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The Plague of the Consultants: Keep the Jewelry, Candles, and Kitchen Gadgets to Yourself

Pampered Chef, Scentsy, Mary Kay, Thirty-One, Creative Memories, PartyLite, Tupperware, Longaberger, Tastefully Simple, Origami Owl, Cookie Lee–can’t anyone just have a party anymore?  One where I get to leave the checkbook at home and show up without someone expecting me to spend enough money that she gets a “half-price” or “free” hostess gift?  Are our lives so boring and mundane that we can’t get together and socialize without the pretext of checking out the latest products in whatever overpriced line is being peddled?

There are several reasons I have come to dislike these parties:

  • The products are expensive, and the price and quality can always be matched or bettered elsewhere.  Example:  Scentsy bars are $5 each, whereas Wal-mart sells theirs for $2 each.  They smell and last just as long.  I’ve found that the products are typically twice the cost at these at-home parties than comparable products in stores, especially if, like me, you try to bargain shop and peruse places like ROSS, Marshall’s, and T.J. Maxx.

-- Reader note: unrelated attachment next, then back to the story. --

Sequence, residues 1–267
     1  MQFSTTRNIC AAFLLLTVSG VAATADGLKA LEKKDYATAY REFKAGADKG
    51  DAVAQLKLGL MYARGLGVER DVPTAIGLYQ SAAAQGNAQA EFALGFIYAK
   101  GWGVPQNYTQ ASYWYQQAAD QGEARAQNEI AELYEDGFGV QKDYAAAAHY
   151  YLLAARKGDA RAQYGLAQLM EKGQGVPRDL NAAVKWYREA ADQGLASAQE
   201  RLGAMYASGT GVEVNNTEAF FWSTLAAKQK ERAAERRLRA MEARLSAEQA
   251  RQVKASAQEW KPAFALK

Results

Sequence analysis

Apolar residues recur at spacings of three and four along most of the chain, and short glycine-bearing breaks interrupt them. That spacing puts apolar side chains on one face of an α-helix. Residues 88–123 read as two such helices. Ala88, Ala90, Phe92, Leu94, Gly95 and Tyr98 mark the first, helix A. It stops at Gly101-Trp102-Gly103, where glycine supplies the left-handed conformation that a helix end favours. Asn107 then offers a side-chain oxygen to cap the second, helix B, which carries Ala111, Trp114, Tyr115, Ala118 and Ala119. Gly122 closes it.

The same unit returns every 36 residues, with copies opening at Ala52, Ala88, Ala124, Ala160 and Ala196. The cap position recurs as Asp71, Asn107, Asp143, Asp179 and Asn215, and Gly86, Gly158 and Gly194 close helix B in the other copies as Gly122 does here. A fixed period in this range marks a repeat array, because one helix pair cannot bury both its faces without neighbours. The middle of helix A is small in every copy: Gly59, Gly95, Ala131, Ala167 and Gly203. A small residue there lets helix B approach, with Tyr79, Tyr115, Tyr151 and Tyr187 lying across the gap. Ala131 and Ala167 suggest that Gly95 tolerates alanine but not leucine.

• I’m glad women, especially stay-at-home moms, have the opportunity to “grow their business,” “earn extra income,” and “meet new people.”  But I’m wondering if they ever stop to consider that the money they are taking is from other stay-at-home moms, who are rarely better off financially?  
  • People may say, “You don’t have to buy anything, just come anyway,” but let’s be real–how do you think the hostess and consultant would feel if, at the end of the night, ten people walked away without buying anything–especially when  both hostess and consultant have spent time, money and effort in the planning, cleaning, and refreshments?
  • It’s especially awkward when good friends are involved, as either consultant or hostess.  You really feel pressured to buy stuff (that you probably don’t need) to be supportive and help them out.

At one point, I was getting invited to two of these types of parties a week (!), but I think at this point I’ve turned enough of them down that the invites are dwindling.  People are determined, though–I’ve noticed more and more people are now thrusting their at-home businesses and consultant-statuses on social media like Facebook, the equivalent of adding irritating commercials to a TV show.

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